Online programs a valuable tool to bridge educational gaps

by James Reid05 Aug 2016

In a week of discussion about education funding, NAPLAN and literacy standards, an online competition is showcasing how digital technologies can have a hugely positive, and cost-effective, impact in today’s classrooms.

Word Mania 2016 is a free competition for schools and has quickly become a national event boosting students’ literacy skills. More than 250,000 students from 2,000 schools around the country are playing, intensively improving their literacy skills for fun. 

Based on a gamified digital word building game developed by online education program LiteracyPlanet, students are so enthralled by the challenge that they are clocking up more than 500,000 minutes creating millions of words each day. The exercise involves phonics, spelling, vocabulary, word recognition and word knowledge.

Deborah Blair, literacy coordinator at Regina Coeli Catholic Primary School, located in Beverly Hills, NSW, told The Educator that her entire school had “Word Mania fever”.

“The Year 1 students are so motivated and are challenging themselves to make bigger words,” she said.

“They've learnt and practised spelling skills, including adding word endings and making rhymes. I'm excited to watch this great learning happening in my class”.

From remote parts of Australia to major capital cities, schools of all types have incorporated Word Mania into class literacy teaching.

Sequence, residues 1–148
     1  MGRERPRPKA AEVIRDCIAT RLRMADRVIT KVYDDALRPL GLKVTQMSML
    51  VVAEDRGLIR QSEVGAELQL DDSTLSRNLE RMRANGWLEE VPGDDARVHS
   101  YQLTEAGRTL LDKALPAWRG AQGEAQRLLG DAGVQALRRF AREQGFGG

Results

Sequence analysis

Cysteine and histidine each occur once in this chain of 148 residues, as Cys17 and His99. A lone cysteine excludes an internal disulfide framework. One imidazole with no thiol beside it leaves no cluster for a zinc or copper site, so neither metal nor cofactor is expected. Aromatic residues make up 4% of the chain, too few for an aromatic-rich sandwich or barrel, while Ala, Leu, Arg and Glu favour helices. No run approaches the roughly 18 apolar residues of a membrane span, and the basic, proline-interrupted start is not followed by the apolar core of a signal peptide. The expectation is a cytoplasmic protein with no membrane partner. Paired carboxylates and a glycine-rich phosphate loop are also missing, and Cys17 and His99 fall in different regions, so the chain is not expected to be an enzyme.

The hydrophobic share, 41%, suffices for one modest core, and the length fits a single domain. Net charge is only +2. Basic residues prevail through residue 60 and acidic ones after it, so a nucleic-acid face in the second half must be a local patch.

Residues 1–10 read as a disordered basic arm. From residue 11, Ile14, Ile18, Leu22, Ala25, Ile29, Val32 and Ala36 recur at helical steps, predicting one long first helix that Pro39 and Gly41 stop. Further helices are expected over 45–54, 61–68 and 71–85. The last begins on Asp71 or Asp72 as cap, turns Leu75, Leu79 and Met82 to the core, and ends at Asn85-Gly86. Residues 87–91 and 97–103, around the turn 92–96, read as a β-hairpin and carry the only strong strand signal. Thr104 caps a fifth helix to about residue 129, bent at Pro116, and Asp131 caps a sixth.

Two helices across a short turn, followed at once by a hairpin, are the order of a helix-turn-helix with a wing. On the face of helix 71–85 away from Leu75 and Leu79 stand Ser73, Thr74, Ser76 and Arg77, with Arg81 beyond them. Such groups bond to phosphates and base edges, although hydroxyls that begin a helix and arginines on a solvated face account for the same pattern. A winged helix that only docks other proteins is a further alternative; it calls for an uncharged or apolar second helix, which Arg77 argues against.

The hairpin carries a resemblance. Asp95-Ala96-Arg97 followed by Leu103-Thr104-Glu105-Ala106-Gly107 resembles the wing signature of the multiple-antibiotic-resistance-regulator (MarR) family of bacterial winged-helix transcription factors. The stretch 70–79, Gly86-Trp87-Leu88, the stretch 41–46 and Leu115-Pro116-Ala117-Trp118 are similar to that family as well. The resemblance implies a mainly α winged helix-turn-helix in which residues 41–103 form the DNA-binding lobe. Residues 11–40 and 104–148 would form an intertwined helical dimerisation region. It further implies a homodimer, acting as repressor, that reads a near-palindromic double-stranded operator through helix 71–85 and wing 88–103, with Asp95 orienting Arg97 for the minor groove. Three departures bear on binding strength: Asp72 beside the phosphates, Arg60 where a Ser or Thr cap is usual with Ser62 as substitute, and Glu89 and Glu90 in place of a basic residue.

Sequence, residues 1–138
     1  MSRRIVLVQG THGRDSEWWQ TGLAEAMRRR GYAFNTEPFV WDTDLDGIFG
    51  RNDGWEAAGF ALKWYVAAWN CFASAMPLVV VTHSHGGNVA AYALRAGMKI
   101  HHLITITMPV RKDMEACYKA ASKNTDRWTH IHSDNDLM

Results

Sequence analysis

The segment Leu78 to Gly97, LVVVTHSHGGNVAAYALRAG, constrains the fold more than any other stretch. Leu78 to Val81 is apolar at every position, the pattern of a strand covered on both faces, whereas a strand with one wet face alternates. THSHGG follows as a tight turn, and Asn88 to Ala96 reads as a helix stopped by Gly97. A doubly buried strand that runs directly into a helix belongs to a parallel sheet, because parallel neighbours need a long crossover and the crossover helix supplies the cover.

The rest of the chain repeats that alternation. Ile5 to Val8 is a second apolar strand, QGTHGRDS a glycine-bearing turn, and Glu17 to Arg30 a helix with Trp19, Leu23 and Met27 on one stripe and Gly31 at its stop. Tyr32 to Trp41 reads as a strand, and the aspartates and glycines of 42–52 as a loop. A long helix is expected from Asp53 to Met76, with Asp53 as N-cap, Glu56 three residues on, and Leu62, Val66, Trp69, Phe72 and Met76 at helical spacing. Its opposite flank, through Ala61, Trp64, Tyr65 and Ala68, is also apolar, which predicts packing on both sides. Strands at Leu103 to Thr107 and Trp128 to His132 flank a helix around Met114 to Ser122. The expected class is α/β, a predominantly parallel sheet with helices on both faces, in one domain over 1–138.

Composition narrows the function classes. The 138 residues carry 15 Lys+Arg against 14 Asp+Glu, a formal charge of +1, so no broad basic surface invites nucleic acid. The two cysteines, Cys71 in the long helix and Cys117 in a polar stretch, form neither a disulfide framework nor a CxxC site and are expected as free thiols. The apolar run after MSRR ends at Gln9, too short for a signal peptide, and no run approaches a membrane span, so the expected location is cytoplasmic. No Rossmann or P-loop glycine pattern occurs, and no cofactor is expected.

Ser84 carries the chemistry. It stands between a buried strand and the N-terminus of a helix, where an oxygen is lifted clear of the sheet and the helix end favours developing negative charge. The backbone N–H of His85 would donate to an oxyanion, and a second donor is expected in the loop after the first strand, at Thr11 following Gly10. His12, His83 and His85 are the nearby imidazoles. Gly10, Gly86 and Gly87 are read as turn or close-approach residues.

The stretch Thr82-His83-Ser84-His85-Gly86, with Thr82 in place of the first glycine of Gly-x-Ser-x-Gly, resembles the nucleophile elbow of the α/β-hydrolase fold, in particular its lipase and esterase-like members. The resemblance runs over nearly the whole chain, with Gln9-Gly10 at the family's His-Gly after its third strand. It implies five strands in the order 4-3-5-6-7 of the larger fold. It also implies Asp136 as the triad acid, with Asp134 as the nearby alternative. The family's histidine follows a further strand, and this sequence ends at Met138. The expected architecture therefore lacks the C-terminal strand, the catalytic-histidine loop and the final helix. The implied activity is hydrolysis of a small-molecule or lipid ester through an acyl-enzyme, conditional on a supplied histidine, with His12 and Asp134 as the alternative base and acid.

LiteracyPlanet CEO, Adam McArthur, told The Educator the response has been astounding, and it’s exciting to see evidence of so many students’ skills improving as they play:

“We are bowled over by the enthusiasm for Word Mania 2016. The more engaged schools are and the more students play, the better they get. The competition data shows how students’ scores and literacy skills are improving in real time,” he said.

“It is exciting to see the rapid gains students are making over the short competition period.”

McArthur added that an encouraging aspect of Word Mania – and digital resources like LiteracyPlanet in general – was that it is accessible to anyone from any internet connected device, and is equally engaging for any age and ability.

“Each student feels like they are achieving and doing well, and is motivated to improve,” he said. 

According to Tina Seckold, head teacher for English at Nambucca Heads High School, the competition has also stimulated collaboration between students.

“Word Mania has been great for our classes. The conversations it generates are wonderful,” she said.

“Students talk enthusiastically about strategies using word combinations, helping each other out with vocabulary, and debating spelling - conversations we don't hear very often”.

Word Mania is one of thousands of exercises in LiteracyPlanet, a comprehensive resource for students F-9, developed in Australia and proven by independent research to improve learning outcomes.

By request, schools can trial other parts of the program during the competition. Interested schools can contact LiteracyPlanet directly on 1300 565 696 or email wordmania@literacyplanet.com

“We encourage schools to use this opportunity to investigate LiteracyPlanet and how a digital resource can contribute to their literacy teaching and improve learning outcomes,” said McArthur. 

Schools can register for their students to participate in Word Mania 2016 at www.wordmania.com.au.

The competition closes to new entrants on August 12.

 

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